Garfield Re-2 president proposes district opposition to statewide mental health screening program
Opponents of a new bill seeking yearly mental evaluations for Colorado students sixth grade through high school seniors fear an existing state law could allow students as young as 12 to seek in-person health screenings without parental consent.
Called House Bill 23-1003, school districts can opt in to allow voluntary mental evaluations administered by the Colorado Department of Public Health and Environment.
Garfield Re-2 School Board President Tony May last week proposed that the district openly oppose the bill, calling it a “governmental overreach.”
“This is about the state stepping in and taking the parental and guardian authority away from the parents,” he said, adding that a board vote on any resolution opposing the bill is for “parental rights.”
“The state is inserting themselves as a surrogate decision maker.”
The Woodland Park School District just west of Colorado Springs passed a similar opposition resolution in April.
Increasing student behavioral issues stemming from the COVID-19 pandemic prompted Colorado lawmakers to first pass what’s called the “I Matter” program in 2021. It offers students six free therapy sessions.
HB 23-1003 is said to build upon the “I Matter” program.
Board member Christina Maness questioned whether the proposal for the district to oppose the bill was more about making a statement than anything else.
“I guess I’m wondering if there’s a bigger agenda for this resolution,” Maness said, expressing that she didn’t want to vote on the proposal just yet. “And that’s what’s making me feel uncomfortable.”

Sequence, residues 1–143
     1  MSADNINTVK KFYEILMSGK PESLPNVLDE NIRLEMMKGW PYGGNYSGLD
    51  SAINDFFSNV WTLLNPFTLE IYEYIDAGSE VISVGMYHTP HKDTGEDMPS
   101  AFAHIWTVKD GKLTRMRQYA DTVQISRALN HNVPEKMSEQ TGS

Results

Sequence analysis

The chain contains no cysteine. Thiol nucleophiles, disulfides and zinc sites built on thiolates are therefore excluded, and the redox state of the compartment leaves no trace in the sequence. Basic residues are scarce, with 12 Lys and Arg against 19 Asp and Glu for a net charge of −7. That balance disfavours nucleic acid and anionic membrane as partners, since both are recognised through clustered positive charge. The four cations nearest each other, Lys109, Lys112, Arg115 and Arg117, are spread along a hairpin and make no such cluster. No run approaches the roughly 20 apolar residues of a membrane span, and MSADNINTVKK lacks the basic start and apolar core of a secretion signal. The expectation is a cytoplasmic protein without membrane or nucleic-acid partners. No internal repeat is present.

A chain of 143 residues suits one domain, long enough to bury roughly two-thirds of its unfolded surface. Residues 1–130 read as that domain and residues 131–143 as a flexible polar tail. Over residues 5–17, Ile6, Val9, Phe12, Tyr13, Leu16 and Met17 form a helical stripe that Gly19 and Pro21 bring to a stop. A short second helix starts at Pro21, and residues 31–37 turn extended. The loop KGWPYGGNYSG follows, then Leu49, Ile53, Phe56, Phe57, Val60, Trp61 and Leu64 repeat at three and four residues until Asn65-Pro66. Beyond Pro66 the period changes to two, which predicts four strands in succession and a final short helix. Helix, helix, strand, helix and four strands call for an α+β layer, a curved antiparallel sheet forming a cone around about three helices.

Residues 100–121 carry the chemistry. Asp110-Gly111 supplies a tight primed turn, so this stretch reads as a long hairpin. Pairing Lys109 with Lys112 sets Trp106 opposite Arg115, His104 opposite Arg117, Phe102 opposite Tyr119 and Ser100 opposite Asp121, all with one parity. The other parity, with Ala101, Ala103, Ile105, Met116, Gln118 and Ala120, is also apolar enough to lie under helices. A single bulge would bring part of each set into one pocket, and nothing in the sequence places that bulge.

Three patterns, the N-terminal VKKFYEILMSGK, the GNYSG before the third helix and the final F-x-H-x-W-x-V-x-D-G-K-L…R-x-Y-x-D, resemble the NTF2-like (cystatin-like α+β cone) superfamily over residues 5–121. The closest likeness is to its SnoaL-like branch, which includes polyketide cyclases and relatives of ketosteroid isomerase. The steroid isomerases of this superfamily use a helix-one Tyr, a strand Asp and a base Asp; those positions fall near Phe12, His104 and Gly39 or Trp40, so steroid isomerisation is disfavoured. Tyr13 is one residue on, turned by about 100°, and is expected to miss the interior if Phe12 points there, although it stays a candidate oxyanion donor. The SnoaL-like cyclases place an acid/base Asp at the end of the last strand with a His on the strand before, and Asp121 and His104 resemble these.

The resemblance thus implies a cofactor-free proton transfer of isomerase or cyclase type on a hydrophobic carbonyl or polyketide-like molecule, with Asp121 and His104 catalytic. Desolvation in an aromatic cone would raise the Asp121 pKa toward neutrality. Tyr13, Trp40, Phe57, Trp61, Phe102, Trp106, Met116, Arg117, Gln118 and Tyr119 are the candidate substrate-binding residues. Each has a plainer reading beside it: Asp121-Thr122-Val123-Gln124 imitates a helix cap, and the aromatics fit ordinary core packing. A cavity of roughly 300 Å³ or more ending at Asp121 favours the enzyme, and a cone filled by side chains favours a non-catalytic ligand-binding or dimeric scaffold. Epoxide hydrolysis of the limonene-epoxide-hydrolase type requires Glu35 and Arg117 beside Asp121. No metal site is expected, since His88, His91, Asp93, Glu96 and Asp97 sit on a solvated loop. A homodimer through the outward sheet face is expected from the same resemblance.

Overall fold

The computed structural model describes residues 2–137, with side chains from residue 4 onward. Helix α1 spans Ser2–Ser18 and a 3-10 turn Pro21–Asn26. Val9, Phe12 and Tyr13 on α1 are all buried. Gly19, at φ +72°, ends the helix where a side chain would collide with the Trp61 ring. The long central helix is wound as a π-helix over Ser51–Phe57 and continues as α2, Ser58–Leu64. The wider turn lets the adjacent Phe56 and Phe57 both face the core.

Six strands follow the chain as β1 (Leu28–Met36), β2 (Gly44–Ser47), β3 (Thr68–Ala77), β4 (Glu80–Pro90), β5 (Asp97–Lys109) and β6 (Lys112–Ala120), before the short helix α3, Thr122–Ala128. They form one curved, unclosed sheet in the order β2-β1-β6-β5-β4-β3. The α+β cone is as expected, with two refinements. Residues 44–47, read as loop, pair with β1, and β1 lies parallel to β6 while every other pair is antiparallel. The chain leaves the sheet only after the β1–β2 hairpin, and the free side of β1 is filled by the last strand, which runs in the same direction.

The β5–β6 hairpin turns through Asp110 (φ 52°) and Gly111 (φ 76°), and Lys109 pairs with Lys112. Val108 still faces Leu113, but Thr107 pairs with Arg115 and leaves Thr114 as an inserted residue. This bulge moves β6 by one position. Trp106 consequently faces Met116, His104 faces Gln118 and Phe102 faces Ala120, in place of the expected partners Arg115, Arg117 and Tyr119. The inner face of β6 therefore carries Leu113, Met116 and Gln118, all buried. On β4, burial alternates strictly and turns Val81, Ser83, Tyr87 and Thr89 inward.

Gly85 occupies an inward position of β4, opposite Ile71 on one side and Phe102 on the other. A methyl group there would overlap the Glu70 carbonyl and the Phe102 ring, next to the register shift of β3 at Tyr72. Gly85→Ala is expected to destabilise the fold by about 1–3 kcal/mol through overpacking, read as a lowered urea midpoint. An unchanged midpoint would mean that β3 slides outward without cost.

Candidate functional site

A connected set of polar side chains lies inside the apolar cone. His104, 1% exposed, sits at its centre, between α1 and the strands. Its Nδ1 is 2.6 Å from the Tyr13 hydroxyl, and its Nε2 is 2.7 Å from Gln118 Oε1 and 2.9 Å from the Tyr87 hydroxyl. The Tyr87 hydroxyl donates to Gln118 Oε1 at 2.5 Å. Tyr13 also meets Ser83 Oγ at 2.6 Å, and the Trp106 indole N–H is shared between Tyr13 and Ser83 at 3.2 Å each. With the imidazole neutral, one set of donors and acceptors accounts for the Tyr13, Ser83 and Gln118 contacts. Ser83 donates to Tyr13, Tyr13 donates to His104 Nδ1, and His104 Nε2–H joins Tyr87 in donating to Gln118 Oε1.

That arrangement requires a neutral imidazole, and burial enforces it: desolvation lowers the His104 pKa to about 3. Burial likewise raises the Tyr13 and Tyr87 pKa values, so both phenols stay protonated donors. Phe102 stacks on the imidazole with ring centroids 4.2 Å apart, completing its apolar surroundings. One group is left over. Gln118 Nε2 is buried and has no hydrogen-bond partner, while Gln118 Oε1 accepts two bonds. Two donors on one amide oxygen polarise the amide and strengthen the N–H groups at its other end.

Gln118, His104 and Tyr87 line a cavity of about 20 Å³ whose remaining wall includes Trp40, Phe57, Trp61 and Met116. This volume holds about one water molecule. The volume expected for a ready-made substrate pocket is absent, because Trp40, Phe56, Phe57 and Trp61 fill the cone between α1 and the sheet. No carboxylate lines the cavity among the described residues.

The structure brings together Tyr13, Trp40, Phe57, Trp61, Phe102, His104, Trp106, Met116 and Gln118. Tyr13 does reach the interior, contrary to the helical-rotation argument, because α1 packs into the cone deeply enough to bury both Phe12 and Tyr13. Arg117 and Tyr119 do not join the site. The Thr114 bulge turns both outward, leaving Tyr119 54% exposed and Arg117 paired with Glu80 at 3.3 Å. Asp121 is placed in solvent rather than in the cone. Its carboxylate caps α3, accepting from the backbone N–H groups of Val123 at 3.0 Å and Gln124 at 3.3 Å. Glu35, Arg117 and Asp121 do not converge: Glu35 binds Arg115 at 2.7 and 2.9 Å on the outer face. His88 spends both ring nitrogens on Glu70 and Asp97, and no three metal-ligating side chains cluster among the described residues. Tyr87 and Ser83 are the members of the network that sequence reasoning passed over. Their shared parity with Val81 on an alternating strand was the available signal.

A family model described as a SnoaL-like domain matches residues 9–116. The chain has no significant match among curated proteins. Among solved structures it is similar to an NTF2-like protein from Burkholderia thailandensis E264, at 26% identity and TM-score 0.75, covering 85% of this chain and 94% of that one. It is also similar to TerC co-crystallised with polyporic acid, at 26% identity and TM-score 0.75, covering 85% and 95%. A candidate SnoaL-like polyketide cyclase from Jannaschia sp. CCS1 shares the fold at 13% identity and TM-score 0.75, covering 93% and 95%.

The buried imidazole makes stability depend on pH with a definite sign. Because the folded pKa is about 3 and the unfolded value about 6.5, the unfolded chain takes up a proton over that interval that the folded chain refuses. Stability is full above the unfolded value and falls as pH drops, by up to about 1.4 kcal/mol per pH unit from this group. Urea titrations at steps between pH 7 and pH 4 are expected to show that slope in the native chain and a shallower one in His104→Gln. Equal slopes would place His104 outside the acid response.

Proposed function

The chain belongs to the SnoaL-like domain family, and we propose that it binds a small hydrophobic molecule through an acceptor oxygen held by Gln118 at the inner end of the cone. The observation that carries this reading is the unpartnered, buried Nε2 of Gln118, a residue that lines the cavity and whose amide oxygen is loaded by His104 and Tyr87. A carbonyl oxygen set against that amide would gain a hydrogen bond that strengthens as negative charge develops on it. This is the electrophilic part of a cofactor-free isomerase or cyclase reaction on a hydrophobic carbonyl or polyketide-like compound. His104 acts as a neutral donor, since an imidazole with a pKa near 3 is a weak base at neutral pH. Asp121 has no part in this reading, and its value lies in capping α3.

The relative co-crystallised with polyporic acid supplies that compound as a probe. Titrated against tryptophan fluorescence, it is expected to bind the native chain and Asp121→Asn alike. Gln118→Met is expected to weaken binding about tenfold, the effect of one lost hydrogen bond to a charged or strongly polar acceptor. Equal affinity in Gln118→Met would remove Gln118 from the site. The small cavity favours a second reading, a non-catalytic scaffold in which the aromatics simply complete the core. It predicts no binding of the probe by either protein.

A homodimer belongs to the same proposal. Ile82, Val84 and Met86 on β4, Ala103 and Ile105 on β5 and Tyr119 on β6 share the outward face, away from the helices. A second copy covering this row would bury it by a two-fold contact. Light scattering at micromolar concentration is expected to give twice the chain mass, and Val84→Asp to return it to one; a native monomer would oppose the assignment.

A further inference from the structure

May’s proposal then ignited discussion about Garfield Re-2’s current tools used internally for mitigating student mental health issues.
Superintendent Heather Grumley said the district — for the past two years — has opted out of implementing what’s called the Healthy Kids Survey. Conducted by researchers from the Colorado School of Public Health and University of Colorado Anschutz Medical Campus, it uses data gathered from districts to better support the well-being of students.
Instead, threat and suicidal risk assessments are really the only tools Garfield Re-2 has to intervene on student mental health issues, Grumley confirmed.
“If we believe that there is a child at risk and it’s a safety issue, then we are absolutely within our purview to utilize that tool,” she said.
Though a formal vote on opposition to HB 23-1003 was slated as an action item on last week’s school board agenda, the board decided it would instead further address the bill through a future workshop, which will include insight from the district’s mental health professionals. The district is also currently revising its policies on mental health to align with state law, the district said.
“We need a tool to take a look at the mental health of our students,” board member Britton Fletchall said.
Post Independent Assistant Editor and lead western Garfield County reporter Ray K. Erku can be reached at email@example.com or 612-423-5273.
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